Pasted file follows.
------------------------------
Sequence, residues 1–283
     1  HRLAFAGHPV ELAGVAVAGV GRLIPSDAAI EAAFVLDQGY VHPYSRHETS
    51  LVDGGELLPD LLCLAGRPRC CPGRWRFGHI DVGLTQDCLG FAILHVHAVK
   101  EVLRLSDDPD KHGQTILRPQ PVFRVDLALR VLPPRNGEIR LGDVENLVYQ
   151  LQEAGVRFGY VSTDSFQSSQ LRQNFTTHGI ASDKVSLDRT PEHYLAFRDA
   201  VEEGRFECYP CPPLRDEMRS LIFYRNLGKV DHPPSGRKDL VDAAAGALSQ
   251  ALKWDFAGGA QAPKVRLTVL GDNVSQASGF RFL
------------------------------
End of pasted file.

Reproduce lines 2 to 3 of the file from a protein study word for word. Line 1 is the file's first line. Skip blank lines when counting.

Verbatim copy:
     1  HRLAFAGHPV ELAGVAVAGV GRLIPSDAAI EAAFVLDQGY VHPYSRHETS
    51  LVDGGELLPD LLCLAGRPRC CPGRWRFGHI DVGLTQDCLG FAILHVHAVK